Gareth Cattermole/Getty ImagesBy: KATIE KINDELAN, ABC News
(LONDON) — Prince Harry and Meghan, the Duke and Duchess of Sussex, are taking their battle with the British tabloids one step further.
The Sussexes have announced they will no longer participate with the British tabloids — including The Sun, The Mirror, The Daily Mail and The Express — unless it is through a lawyer.
“It is gravely concerning that an influential slice of the media, over many years, has sought to insulate themselves from taking accountability for what they say or print — even when they know it to be distorted, false, or invasive beyond reason,” Harry and Meghan wrote in a letter to the editors of those four publications. “When power is enjoyed without responsibility, the trust we all place in this much-needed industry is degraded.”
“There is a real human cost to this way of doing business and it affects every corner of society,” they wrote. “The Duke and Duchess of Sussex have watched people they know — as well as complete strangers — have their lives completely pulled apart for no good reason, other than the fact that salacious gossip boosts advertising revenue.”
The couple went on, “With that said, please note that The Duke and Duchess of Sussex will not be engaging with your outlet. There will be no corroboration and zero engagement. This is also a policy being instated for their communications team, in order to protect that team from the side of the industry that readers never see.”
Harry and Meghan are now living in Los Angeles, having stepped down on April 1 from their roles as senior members of Britain’s royal family. They no longer take public funding and have their own communications team after closing their Buckingham Palace office.
The Sussexes, as non-working members of the royal family, also no longer have to participate in the Royal Rota system, which gives U.K. print and broadcast outlets exclusive access to the royal family’s official engagements.
“For the first time they are saying they will no longer cooperate with these certain tabloids,” said ABC News royal contributor Omid Scobie. “But they’re also saying this is how their new media approach will be moving forward.”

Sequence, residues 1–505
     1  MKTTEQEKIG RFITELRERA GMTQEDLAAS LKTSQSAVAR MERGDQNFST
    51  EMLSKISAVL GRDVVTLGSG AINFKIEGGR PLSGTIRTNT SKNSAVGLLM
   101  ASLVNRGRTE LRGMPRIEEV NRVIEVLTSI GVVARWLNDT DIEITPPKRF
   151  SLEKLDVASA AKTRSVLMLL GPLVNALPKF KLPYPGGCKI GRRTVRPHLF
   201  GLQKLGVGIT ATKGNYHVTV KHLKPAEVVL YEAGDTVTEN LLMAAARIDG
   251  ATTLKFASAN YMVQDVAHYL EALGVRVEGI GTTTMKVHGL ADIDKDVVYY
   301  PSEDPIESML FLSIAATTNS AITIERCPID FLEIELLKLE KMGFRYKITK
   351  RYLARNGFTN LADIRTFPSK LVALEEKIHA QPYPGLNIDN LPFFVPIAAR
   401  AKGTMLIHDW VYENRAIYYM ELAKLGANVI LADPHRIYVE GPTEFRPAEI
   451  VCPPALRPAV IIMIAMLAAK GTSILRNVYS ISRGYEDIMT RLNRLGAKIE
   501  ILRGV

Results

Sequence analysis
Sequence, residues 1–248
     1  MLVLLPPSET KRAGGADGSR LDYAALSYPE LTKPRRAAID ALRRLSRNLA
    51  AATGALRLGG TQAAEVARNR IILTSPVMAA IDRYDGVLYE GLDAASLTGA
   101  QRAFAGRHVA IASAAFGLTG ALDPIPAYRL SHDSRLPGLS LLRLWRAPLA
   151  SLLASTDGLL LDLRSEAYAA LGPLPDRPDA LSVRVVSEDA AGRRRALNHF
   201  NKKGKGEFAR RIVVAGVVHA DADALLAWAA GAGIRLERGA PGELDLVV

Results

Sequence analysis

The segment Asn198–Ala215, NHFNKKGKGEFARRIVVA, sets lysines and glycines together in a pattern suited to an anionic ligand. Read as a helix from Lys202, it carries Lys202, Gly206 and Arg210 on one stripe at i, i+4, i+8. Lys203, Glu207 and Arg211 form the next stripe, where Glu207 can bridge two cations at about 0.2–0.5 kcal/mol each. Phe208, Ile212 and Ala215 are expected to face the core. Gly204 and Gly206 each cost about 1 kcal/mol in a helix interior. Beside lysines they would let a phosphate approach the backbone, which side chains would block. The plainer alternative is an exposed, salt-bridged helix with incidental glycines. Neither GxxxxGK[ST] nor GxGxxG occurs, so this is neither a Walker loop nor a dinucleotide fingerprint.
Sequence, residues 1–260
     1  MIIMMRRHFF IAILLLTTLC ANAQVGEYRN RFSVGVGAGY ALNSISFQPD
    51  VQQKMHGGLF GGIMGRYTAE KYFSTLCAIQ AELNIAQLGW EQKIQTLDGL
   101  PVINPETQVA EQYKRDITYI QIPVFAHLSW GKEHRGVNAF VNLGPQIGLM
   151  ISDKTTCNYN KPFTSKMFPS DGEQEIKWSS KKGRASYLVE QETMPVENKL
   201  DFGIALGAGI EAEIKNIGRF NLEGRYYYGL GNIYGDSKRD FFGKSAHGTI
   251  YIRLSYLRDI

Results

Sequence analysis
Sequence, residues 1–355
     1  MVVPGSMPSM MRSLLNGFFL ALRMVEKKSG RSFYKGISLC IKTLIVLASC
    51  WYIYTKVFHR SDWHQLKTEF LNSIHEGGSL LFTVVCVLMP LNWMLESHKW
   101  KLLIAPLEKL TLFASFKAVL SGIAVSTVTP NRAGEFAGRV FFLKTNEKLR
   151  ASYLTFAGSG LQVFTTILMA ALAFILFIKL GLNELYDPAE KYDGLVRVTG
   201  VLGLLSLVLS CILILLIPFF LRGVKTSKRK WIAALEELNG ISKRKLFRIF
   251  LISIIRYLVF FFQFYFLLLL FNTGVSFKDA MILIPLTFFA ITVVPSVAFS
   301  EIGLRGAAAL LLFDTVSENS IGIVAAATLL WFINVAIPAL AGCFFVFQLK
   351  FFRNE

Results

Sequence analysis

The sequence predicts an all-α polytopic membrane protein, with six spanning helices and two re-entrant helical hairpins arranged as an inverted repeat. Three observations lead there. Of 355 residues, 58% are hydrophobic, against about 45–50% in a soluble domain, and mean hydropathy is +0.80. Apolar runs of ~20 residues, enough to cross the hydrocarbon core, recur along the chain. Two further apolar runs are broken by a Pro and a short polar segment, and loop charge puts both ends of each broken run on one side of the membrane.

New details in court filings
The Sussexes’ letter to the publications’ editors was sent just days ahead of the first hearing in Meghan’s invasion of privacy and copyright infringement lawsuit against Associated Newspapers, publisher of the Mail on Sunday — the Sunday edition of the Daily Mail.
The lawsuit, announced publicly last October, focuses on the Mail on Sunday’s publication of a letter written by Meghan to her now-estranged father Thomas Markle.
The Mail on Sunday claimed the letter from Meghan to her dad was shared with the outlet after some of Meghan’s friends anonymously spoke to People magazine in a rare interview, claiming the Duchess of Sussex was a victim of “global bullying.”
People reported the friends said that Meghan wrote a letter to her dad after he did not attend her 2018 wedding to Harry, which one friend characterized as Meghan saying, “I’m so heartbroken. I love you. I have one father. Please stop victimizing me through the media so we can repair our relationship.”
According to People, Meghan’s friends claim Thomas Markle asked for a photo op with his daughter in response. Thomas Markle told the Daily Mail that request was “totally misinterpreted.” The paper reported he said, “I don’t want a picture for any other reason than if we show harmony then the press will back off.”
New court documents show that Meghan is going to deny any involvement in interviews given by her friends to People magazine in 2019.
The court documents also show that Meghan blames the Mail on Sunday for the disagreement between her and her father and plans to share text messages as evidence that she offered her father, who lives in Mexico, a security detail to protect him and repeatedly asked after his health.
The court documents also refer to several text messages described as from Harry and Meghan to Thomas Markle, which the couple’s representatives say show the couple tried to protect him, including sending a security detail, and frequently contacted him in the run up to the wedding.
“Tom, it’s Harry and I’m going to call you right now. Please pick up, thank you,” the documents say Harry wrote in one text message. “Tom, Harry again! Really need to speak to u. U do not need to apologize, we understand the circumstances but ‘going public’ will only make the situation worse. If u love Meg and want to make it right please call me as there are two other options which don’t involve u having to speak to the media, who incidentally created this whole situation. So please call me so I can explain. Meg and I are not angry, we just need to speak to u. Thanks … Oh any speaking to the press WILL backfire, trust me Tom. Only we can help u, as we have been trying from day 1.”
At the time the lawsuit was filed, the Mail on Sunday spokesman released a statement, saying, “The Mail on Sunday stands by the story it published and will be defending this case vigorously. Specifically, we categorically deny that the duchess’s letter was edited in any way that changed its meaning.”
Harry and Meghan’s new communications team told ABC News the couple would rather be focusing their energies on the fight against the coronavirus pandemic — which they have spoken out about — but with the court date approaching this Friday, it was “necessary to set a new, clear agenda.”
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